Image Loaded (when ImageViewerItem.Image is a fully-loaded image) ItemImageLoadedClass image-loaded lt-image-loaded

ImageViewerElementsModeCreateOptions.ClassPrefix holds a prefix that will be applied to each other class name when the viewer is created - this allows different styles to be applied to different viewers added to the same page. The prefix is only applied once the viewer is constructed, but the user may pass true as a parameter to the ImageViewerElementsModeCreateOptions.Clone function to receive the prefixed version of each class name. The ImageViewerElementsModeCreateOptions object should not be passed to the viewer with the prefixes already applied: do not pass an options object created from the Clone function. This function is called internally.

The prefix value also helps to avoid possible class name collisions with other classes on a page not involved with LEADTOOLS.

ImageViewerElementsModeCreateOptions also contains an ImageViewerElementsModeCreateOptions.AutoRemoveItemElements property, which controls items that are out of view on the page. When AutoRemoveItemElements is true, items that move out of view will be removed entirely from the page: all elements from the ImageViewerItem.ItemElement down are deleted, including the ImageViewerItem.Image or ImageViewerItem.Canvas, whichever was being used. These elements are entirely re-created when the item must come back into view, and if an image used to exist at ImageViewerItem.Image then the ImageViewerItem.Url property is set to trigger a new request for the image. The image should be cached by the browser. Overall, auto-removing the items should reduce memory used by the page for a significantly large number of items and / or significantly large images.

After items are added due to the ImageViewerElementsModeCreateOptions.AutoRemoveItemElements property, the viewer triggers the ImageViewer.AutoItemElementsAdded event.

Before items are added due to the ImageViewerElementsModeCreateOptions.AutoRemoveItemElements property, the viewer triggers the ImageViewer.AutoItemElementsRemoved event.

Using these events can assist in doing cleanup or other tasks when item elements must be removed and added.

Now, with CSS, one can easily style the background color of the active item element as follows, for example:

JavaScript Example
.lt-imageviewer .lt-item-active { 
    /* Active Item */ 
    background-color: red; 
 } 

This value of lt-item-active came from the application of the default ImageViewerElementsModeCreateOptions.ClassPrefix ("lt") with the default ImageViewerElementsModeCreateOptions.ItemActiveClass ("item-active"). Either value may be changed prior to the creation of the viewer to create a fully-customizable class name.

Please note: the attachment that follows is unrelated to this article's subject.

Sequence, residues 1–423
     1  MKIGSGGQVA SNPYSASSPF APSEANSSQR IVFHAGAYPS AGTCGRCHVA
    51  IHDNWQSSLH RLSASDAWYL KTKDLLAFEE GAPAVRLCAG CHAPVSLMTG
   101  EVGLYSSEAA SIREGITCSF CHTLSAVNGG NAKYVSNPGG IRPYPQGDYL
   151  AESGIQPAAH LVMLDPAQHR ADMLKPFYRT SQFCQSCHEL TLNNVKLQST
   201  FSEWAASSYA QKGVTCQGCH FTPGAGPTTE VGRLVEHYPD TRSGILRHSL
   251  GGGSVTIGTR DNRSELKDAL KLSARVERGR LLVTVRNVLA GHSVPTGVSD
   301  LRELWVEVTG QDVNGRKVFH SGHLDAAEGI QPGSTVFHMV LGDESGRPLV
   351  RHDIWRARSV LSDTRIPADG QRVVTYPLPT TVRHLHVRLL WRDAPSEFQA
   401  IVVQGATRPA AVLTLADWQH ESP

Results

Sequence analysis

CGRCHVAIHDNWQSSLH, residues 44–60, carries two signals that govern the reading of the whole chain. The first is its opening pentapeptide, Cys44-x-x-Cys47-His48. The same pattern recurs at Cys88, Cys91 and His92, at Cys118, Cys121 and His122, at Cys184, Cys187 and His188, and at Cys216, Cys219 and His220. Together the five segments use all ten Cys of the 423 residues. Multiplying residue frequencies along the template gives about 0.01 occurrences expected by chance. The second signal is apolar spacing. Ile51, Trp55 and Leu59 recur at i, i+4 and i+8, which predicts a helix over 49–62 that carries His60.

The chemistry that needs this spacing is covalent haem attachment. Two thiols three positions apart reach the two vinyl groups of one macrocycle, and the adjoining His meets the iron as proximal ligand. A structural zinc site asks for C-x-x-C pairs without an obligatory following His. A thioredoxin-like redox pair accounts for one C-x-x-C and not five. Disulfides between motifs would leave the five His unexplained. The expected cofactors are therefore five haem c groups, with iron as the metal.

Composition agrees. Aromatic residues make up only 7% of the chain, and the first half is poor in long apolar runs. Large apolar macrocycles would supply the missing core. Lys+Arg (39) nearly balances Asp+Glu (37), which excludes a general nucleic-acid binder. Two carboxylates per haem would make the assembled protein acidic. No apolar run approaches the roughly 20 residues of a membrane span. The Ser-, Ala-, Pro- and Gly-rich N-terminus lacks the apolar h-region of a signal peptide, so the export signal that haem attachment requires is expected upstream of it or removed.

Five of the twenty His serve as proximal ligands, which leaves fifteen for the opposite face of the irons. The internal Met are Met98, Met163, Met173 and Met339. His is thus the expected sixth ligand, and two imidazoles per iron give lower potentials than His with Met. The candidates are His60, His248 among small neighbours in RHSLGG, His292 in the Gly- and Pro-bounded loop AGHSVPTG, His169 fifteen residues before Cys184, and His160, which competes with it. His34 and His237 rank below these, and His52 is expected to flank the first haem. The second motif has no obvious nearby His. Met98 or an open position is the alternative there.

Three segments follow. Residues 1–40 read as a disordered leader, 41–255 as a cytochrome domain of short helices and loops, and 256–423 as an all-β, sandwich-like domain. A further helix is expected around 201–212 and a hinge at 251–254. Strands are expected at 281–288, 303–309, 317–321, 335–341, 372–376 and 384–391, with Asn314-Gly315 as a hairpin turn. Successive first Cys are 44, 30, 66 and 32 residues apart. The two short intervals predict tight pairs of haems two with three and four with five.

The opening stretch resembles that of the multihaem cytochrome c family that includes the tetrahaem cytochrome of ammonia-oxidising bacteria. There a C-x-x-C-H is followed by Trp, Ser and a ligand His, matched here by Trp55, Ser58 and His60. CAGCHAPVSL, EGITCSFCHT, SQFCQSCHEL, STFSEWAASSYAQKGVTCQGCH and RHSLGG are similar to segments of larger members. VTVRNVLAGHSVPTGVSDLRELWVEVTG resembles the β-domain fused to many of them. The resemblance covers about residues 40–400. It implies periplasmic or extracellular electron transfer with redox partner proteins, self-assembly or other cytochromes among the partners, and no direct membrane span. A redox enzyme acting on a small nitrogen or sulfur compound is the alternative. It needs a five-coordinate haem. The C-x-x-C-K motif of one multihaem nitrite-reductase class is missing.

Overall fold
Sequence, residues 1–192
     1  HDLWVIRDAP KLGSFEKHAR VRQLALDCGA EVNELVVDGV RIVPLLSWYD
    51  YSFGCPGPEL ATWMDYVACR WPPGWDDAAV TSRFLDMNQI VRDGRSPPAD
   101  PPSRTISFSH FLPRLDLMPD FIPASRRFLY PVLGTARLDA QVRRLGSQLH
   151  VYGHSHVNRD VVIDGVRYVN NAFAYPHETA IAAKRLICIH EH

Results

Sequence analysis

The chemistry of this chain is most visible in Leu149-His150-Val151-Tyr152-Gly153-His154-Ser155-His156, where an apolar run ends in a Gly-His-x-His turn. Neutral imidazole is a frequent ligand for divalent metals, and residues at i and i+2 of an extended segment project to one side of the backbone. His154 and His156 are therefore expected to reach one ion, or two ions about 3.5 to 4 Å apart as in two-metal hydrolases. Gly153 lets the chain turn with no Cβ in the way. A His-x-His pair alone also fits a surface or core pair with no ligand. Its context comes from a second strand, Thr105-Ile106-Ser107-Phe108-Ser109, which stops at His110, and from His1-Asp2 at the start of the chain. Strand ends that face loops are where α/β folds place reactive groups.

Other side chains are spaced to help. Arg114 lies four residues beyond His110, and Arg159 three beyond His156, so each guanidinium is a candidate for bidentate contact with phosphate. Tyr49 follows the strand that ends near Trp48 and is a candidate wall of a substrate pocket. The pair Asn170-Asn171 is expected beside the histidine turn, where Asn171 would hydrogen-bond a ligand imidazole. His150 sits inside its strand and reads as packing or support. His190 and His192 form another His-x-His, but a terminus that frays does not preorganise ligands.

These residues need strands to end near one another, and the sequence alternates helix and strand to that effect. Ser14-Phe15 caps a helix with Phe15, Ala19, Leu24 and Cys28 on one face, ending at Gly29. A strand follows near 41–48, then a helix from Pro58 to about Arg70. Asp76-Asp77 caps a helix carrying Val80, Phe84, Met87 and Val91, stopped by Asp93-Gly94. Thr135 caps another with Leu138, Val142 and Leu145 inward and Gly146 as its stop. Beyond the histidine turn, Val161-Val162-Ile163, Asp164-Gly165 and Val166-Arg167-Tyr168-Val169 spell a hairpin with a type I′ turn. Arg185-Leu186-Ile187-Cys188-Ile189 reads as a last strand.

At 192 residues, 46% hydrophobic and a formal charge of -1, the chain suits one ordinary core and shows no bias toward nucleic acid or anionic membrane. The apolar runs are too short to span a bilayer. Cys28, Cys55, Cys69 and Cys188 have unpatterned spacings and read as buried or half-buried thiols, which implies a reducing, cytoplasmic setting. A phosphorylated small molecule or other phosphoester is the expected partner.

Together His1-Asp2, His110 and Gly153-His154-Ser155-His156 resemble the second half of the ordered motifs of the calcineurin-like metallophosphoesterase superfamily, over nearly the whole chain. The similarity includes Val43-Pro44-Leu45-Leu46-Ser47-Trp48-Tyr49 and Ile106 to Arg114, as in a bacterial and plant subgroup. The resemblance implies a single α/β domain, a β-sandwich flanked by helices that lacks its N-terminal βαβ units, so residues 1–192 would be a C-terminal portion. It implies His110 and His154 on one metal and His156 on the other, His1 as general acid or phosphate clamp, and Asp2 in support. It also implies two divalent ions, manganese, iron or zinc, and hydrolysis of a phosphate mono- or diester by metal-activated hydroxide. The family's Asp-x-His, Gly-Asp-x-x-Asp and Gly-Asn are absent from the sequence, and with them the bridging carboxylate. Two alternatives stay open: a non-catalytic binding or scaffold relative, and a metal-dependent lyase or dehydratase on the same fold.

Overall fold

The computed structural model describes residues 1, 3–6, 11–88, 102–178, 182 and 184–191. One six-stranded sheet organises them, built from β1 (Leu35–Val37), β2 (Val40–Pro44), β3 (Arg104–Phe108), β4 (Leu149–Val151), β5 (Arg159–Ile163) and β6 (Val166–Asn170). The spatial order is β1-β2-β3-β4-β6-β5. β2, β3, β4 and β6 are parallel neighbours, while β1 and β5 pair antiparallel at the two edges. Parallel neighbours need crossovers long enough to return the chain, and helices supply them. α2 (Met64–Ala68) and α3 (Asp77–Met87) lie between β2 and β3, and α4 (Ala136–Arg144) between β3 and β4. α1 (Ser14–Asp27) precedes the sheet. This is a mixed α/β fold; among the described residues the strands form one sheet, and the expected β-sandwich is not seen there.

Some of the class names within ImageViewerElementsModeCreateOptions apply not to elements, but to certain element states:

There are other classes that exist which may be applied to elements, but the user defines neither their names nor their rules. The definitions for these classes, which are defined in dynamically-added <style> elements to the <head>, are meant to be outside the concerns of the user.

In Elements Mode of the Image Viewer, all updates to the elements for an item take place between the ImageViewer.RenderItem and ImageViewer.PostRenderItem events. Refer to the rendering cycle for more information.

CSS for a box shadow can be applied to an item image's border, like below:

JavaScript Example
.lt-image-border { 
   /* Box Shadow (view, item, image border) */ 
   box-shadow: #333 1px 1px 4px -1px; 
} 

Box shadows will not automatically maintain angle of view when rotated.

While CSS transitions may be applied to every aspect of the image viewer elements, there are instances in which internal code must disable transitions on elements. The following actions may cause disabled transitions:

To disable transitions, the viewer applies an internal class to each element that overrides any set transitions (using the !important CSS directive). This class is removed immediately after the update occurs. This performed by calling the DisableTransitions (applies the style) and EnableTransitions methods (remove the style). These methods can be used by the user to disable/re-enable the transitions manually. The IsTransitionsEnabled property can be used to check if the viewer is currently in a state where transitions is disabled.

The ElementsUpdated event occurs anytime the viewer changes any DOM or CSS property on an element that is part of view or any item. This event also contains the ImageViewerElementsUpdatedEventArgs.IsTransitionsEnabled property that can be used to detect when the image viewer is performing a CSS transition. For example, the document viewer uses this event to stop custom painting of the annotations while a CSS transition is in effect.